All that’s different since 9/11

I often think of how we would have looked at the Sept. 11, 2001 attack on our country had we been immersed with social media websites like Facebook, Twitter, Instagram and others.

Information, right, wrong or speculative, certainly would have been in front of us in a much quicker fashion. We would have most likely had many more angles of the planes hitting the towers and probably even better footage of Flight 77 that crashed into the Pentagon. With that flow of information, however, would have come even more images that were agonizing for many of us.

Even with the flow of information that day, we were mostly sparred the really graphic images of those caught up in the carnage. Today, it would likely be a lot different. What we consumed on a tragedy of that scale would be 10-fold today. And it would be even tougher to erase those images from our conscious.

How we record history is just one of many ways we look at the world differently after 9/11.

Tall buildings, air travel, security – all of it took on a completely different meaning in our minds from Sept. 12, 2001 through today and beyond.

I went to Facebook this week to ask people what has changed in their worlds and I got some fascinating responses.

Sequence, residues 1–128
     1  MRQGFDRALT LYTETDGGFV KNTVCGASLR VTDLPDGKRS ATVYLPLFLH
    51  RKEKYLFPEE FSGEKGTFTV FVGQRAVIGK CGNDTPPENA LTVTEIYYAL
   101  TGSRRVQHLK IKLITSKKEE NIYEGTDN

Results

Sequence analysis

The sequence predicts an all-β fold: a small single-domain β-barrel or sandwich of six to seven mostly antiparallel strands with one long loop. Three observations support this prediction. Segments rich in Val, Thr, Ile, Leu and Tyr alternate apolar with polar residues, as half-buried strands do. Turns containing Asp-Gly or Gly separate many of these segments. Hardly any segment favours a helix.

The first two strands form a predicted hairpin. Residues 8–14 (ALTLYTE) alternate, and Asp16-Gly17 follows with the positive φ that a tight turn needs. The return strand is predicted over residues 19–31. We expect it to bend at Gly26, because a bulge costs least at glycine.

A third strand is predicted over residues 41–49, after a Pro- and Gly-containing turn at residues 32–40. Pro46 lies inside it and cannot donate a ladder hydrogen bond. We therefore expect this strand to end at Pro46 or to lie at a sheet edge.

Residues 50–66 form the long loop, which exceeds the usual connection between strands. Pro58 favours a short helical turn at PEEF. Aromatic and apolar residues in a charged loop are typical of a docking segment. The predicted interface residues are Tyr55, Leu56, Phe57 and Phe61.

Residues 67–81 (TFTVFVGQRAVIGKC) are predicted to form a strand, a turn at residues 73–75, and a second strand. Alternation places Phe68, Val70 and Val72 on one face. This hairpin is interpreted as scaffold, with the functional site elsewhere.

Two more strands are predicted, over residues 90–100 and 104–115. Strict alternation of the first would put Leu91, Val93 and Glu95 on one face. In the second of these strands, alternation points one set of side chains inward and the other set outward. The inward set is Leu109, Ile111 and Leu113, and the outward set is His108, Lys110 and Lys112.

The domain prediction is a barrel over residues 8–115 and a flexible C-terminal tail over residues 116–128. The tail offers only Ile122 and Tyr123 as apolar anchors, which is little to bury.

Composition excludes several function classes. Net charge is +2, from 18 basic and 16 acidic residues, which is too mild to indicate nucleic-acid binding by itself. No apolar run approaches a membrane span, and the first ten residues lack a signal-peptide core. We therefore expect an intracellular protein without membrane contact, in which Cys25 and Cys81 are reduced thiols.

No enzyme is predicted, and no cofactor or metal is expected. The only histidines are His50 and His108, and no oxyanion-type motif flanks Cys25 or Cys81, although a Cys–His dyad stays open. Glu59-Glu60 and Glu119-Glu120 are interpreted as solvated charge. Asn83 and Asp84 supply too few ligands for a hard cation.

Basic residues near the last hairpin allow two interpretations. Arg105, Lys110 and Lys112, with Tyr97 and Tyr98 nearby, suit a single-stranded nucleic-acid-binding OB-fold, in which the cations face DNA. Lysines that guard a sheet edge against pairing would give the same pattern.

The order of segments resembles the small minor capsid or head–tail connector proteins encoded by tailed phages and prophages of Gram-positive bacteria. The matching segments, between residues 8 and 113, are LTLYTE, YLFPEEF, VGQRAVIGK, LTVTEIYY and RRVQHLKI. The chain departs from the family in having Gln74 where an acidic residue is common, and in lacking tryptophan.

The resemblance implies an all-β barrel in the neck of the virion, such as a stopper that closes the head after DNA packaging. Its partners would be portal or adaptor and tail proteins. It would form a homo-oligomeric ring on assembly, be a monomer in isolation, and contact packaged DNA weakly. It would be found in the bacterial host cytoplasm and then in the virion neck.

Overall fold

Briefly, for me, travelling by air has been the toughest change of all for me.

My anxiety regarding flying the friendly skies has skyrocketed since 9/11.

Katy Kelly Lautzenhiser can relate: “Today, I get extremely anxious flying, to the point of taking Dramamine before boarding to escape sickness-induced fear. Simply approaching TSA Security evokes a panic of harassment, or unjustified guilt.”

The little things annoy us – TSA, liquid containers, longer lines, pat-downs.

And then there are those things we are not supposed to openly discuss or question, things that make us uneasy at the airport, or on the plane, or, quite simply, just a vibe we get.

Every person that stands up during a flight is looked at a little longer. Every interaction with a fellow passenger a little less cordial.

The change in air travel procedures ranked on many lists as a big post-9/11 change.

“Even 13 years later, every day air travelers are impacted by the increased security measures that took effect due to 9/11, whether it be the shoes you choose to wear because you’ll have to take them off, the liquids/lotions in your suitcase, whether you put something in a carry-on bag or in checked baggage, etc., not to mention the TSA agents, the random bag checking, earlier check-in, increased emphasis on correct documentation … ” – Darla Hall

Referencing Martha Boyd, a trauma expert with TMC-Lakewood Counseling Services in Lee’s Summit, Lee’s Summit resident Sage Norbury agreed the visual trauma has stuck with us, noting: “I believe that we are suffering from ‘societal PTSD.’ Our subconscious minds couldn’t tell the difference between the first time the plane hit the building and the 389th time (when we incessantly watched the replays). I see trauma signs in the majority of my patients, but most of them never even think of it like that.”

Friend and fellow journalist James Dornbrook, a reporter with the Kansas City Business Journal, noted his increased appreciation for what our fire and police do on a daily basis. A wise observation amid the travel talk.